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Starts With A Bang

Pulsars: How The First ‘False Alien’ Signal Opened Up A New World In Astronomy

Sometimes, what nature gives you is even better than what you hoped for.

“Science doesn’t always go forwards. It’s a bit like doing a Rubik’s cube. You sometimes have to make more of a mess with a Rubik’s cube before you can get it to go right.” –Jocelyn Bell-Burnell

If you wanted to search for aliens, you might look into space for regular broadcast signals similar to what we create on Earth.

This all-sky map shows 24 pulsars — including 16 new ones — measured and identified by NASA’s Fermi satellite. Image credit: NASA/DOE/Fermi LAT Collaboration.

In 1967, a radio source emitting regular, 0.04-second long pulses every 1.3373 seconds was found for the first time using a scintillation array.

The data from the first pulsar ever found visualized and stacked. Image credit: Graphis Diagrams: The Graphic Visualization of Abstract Data, edited by Walter Herdeg, The Graphis Press, Zurich, 1974. Later made much more famous as a Joy Division album cover.

After the “noise” explanation was ruled out, the next thing people turned towards were intelligent extraterrestrials.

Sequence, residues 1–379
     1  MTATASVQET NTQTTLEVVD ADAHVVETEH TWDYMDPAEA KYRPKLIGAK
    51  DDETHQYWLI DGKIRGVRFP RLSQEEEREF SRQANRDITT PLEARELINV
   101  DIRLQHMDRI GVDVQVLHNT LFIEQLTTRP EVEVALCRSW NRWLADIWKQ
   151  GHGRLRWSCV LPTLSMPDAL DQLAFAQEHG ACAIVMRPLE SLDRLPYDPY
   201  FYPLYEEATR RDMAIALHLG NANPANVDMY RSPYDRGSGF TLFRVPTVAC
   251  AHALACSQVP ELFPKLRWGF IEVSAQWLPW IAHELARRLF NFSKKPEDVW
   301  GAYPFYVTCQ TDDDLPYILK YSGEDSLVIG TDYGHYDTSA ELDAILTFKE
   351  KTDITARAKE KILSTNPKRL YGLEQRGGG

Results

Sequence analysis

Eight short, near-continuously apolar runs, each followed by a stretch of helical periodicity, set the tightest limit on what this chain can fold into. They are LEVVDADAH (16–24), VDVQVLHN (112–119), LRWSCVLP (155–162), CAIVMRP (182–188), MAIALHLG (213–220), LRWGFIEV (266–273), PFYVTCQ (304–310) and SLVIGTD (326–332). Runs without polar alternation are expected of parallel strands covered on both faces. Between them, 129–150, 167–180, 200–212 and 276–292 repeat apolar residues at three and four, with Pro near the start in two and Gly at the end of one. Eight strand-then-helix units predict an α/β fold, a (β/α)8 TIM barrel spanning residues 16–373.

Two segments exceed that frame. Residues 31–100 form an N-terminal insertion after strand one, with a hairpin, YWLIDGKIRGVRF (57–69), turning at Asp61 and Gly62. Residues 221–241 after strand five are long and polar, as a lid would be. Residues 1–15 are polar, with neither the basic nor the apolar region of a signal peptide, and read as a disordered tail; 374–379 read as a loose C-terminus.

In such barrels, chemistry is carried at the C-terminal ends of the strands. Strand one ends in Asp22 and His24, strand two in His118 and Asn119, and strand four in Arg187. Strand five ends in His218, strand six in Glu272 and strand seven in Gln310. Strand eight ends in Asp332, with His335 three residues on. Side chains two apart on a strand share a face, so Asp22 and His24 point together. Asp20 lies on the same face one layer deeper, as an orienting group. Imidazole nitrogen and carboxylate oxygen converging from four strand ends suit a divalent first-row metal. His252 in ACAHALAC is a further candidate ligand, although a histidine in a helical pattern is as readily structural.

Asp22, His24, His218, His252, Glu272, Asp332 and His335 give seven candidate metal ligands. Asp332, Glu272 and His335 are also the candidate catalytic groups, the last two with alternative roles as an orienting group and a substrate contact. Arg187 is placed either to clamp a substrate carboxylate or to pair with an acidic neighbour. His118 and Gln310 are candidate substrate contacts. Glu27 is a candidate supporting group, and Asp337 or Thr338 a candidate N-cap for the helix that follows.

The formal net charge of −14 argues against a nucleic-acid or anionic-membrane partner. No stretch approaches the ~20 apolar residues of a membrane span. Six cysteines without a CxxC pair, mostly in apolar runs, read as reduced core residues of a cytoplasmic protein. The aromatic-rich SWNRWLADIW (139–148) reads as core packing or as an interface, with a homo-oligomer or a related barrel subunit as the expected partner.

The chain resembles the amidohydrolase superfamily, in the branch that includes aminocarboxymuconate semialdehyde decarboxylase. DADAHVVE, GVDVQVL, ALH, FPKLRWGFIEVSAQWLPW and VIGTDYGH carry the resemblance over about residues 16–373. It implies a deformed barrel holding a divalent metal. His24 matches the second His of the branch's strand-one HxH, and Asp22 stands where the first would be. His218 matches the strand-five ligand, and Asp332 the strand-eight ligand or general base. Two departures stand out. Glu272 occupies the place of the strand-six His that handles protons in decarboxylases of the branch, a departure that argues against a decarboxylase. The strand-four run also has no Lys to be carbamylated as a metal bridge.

Artist’s conception of worlds around PSR 1257+12, the first system (discovered 1992) with verified extrasolar planets. Pulsar systems can have planets, but they themselves are not indicative of aliens. Illustration credit: NASA/JPL-Caltech/R. Hurt (SSC).

There was no natural mechanism in existence that would have explained it at that time, so turning to aliens was logical, if ultimately incorrect.

Instead, it turned out to be radio emissions from a pulsar, PSR B1919+21, the first one ever identified as such.

The Vela pulsar, like all pulsars, is an example of a neutron star corpse. Image credit: NASA/CXC/PSU/G.Pavlov et al.

Formed when the core of a star going supernova collapses, pulsars are rapidly-rotating balls of neutrons, where the surrounding matter is accelerated by an incredible magnetic field.

A pulsar, made out of neutrons, has an outer shell of protons and electrons, which create an extremely strong magnetic field trillions of times that of our Sun’s at the surface. Image credit: Mysid of Wikimedia Commons, based on work by Roy Smits.

As the neutron star rotates, two jets change their position through space, causing you to see a “tick” of a pulsar each time it passes by a location.

Pulsars can also turn on or off by the presence of infalling matter, where streams disrupt the pulses temporarily. Image credit: NASA / GSFC.

In binary orbits, we’ve seen pulsars precess where they become invisible and then visible again.

As two neutron stars orbit each other, Einstein’s theory of general relativity predicts orbital decay, and the emission of gravitational radiation. Image credit: NASA (L), Max Planck Institute for Radio Astronomy / Michael Kramer.

The oldest are the Universe’s most stable natural clocks, accurate to 10–15seconds over decades.

One of the goals of gravitational wave observatories like LIGO and LISA are to detect the gravitational waves emitted by pulsar orbits. Image credit: ESO/L. Calçada.

Mostly Mute Monday tells the story of a single astronomical phenomenon or object in visuals and no more than 200 words.

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